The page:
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Golden Age Hollywood star Olivia de Havilland dies at 104

Olivia de Havilland, a two-time Oscar winner and one of the last links to Hollywood’s Golden Age, died Sunday at the age of 104. The actress, who starred in blockbusters like “Gone With the Wind” and played opposite such dashing leading men as Errol Flynn, personified the glamour and elegance of a bygone age of moviemaking.

In a statement, her publicist Lisa Goldberg said de Havilland “died peacefully from  natural causes” at her home in Paris, France, where she had lived for years.

“She was a queen of Hollywood, and will go down in cinematic history as such,” Thierry Fremaux, director of the Cannes Film Festival, told AFP.

“There aren’t many who deserve to be called a ‘legend,'” tweeted Hollywood columnist Scott Feinberg, “but Olivia de Havilland… certainly was one.”

And a Twitter account run by screen legend Humphrey Bogart’s son said, “We have lost a true Classic Hollywood icon.”

De Havilland, who built a reputation for being a bankable star for any genre, starred in 49 movies from 1935 to 2009.

She was also known for her colorful off-screen life, including a landmark legal battle against Warner Bros. and a secret and bitter feud with sister and fellow actress Joan Fontaine.

The De Havilland Law

She earned the enduring appreciation of fellow actors when a suit she brought against Warner Bros. — who had repeatedly extended her contract even as she rejected script after script — led to a far-reaching 1945 ruling that gave actors far more power to choose their own roles.

Turner Classic Movies host Ben Mankiewicz tweeted that even beyond her two Oscars, “her greatest contribution came in court against Warner Bros, setting a template for labor rights in Hollywood.”

She took pride in the ruling, still known as the De Havilland Law.

Actor Jared Leto, himself an Oscar winner, tweeted that the law helped him extricate himself from an unfavorable nine-year contract.

He was able to thank the actress in person in Paris, and recalled; “It was amazing to meet her — she’s a legend!”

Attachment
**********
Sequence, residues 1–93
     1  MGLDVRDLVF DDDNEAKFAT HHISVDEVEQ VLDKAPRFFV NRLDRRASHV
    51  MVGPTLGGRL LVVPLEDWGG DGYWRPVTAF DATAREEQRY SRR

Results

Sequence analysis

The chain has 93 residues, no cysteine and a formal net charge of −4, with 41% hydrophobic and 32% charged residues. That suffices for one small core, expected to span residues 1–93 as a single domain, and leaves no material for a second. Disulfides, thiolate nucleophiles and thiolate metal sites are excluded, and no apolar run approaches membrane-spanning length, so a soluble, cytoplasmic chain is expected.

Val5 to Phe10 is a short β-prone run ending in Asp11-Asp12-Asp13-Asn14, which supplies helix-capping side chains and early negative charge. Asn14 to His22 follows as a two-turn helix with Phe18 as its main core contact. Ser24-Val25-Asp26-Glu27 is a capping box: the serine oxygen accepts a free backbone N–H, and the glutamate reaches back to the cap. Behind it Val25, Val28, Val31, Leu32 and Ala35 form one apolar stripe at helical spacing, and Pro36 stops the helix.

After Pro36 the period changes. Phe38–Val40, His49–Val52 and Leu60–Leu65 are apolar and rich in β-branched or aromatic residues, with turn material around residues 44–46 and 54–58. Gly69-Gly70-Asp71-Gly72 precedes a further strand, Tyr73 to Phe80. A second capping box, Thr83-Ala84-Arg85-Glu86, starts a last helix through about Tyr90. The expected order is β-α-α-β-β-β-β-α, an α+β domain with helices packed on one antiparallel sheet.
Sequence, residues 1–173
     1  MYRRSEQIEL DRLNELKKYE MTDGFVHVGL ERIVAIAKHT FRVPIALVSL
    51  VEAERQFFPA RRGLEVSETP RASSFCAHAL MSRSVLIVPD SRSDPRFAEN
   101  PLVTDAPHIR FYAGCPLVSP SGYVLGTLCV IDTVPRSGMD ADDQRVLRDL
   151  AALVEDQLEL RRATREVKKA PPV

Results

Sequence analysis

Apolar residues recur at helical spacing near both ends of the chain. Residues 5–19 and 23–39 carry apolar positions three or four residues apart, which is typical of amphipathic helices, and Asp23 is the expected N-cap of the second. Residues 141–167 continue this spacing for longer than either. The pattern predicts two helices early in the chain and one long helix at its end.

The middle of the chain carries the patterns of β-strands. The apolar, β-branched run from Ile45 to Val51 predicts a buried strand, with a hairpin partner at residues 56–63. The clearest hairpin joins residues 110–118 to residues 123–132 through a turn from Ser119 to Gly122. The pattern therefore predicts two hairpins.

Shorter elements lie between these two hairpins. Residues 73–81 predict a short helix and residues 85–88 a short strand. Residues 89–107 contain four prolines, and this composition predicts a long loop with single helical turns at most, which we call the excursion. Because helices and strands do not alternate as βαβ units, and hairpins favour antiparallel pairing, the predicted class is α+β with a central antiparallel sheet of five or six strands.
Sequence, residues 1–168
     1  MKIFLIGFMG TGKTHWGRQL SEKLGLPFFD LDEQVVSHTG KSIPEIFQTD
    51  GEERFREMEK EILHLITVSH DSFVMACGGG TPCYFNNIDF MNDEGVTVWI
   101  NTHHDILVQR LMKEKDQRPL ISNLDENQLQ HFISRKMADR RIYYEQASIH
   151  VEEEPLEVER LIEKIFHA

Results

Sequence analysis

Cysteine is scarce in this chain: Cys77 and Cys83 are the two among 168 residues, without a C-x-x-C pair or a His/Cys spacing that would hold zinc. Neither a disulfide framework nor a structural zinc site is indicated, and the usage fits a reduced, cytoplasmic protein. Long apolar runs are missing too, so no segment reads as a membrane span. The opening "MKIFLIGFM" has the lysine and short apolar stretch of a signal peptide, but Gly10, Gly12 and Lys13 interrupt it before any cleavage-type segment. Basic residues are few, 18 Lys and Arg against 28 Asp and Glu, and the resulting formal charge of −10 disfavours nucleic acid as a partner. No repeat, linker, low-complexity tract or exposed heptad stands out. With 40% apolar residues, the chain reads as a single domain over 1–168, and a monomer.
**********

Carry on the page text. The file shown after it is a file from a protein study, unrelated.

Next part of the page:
Though De Havilland was blacklisted for three years while the case was underway, her legal victory kickstarted her career.

Neither she nor sister Joan Fontaine ever spoke publicly about their feud, but in 1941 De Havilland lost out on an Oscar for her lead performance as Emmy Brown in “Hold Back the Dawn” to Fontaine, who won for Alfred Hitchcock’s “Suspicion.”

They remain the only siblings in Oscar history to have both won lead acting honors.

Cast with Errol Flynn

Olivia Mary de Havilland was born on July 1, 1916 in Tokyo, the daughter of a British lawyer and actress mother Lilian Fontaine.

When the couple divorced three years later, Fontaine took her two daughters to live in California.

Still in her teens, de Havilland was discovered by director Max Reinhardt during an amateur theater performance.

In 1935, Warner Bros. signed her to a seven-year contract; the same year, Jack Warner took a chance on the unknown actress, casting her across the swashbuckling Errol Flynn in “Captain Blood” and launching her celebrated career.

She and Flynn, whose on-screen chemistry spurred speculation about an off-screen relationship, joined up again three years later in “The Adventures of Robin Hood.”

And in 1939, De Havilland was cast as the noble, long-suffering Melanie Hamilton in MGM’s Civil War epic “Gone With the Wind.” She earned a best actress Oscar nomination.

De Havilland lost out to co-star Hattie McDaniel, who played Mammy and became the first African-American to win an Oscar. But the film sealed De Havilland’s reputation as one of Hollywood’s top leading ladies.

‘Personal strength’

De Havilland was married twice — first to author Marcus Goodrich from 1946 to 1953 and then to journalist Pierre Galante, editor of the French magazine Paris Match.

In all, she was nominated for five Academy Awards, winning best actress for “To Each His Own” (1946) and “The Heiress” (1949).

Tributes poured in on Sunday.

“At a time when women’s place in cinema and in society at large is being questioned, we must remember the personal strength she showed when she attacked the studio system to free actors from exploitative contracts,” Fremaux said.

And the Screen Actors Guild tweeted that her “grit to take on the studio system in 1945 helped her fellow actors for generations to come.”

The star had lived in Paris since the early 1950s, and received honors such as the National Medal of the Arts, France’s Legion d’Honneur, and the appointment to Dame Commander of the Order of the British Empire.

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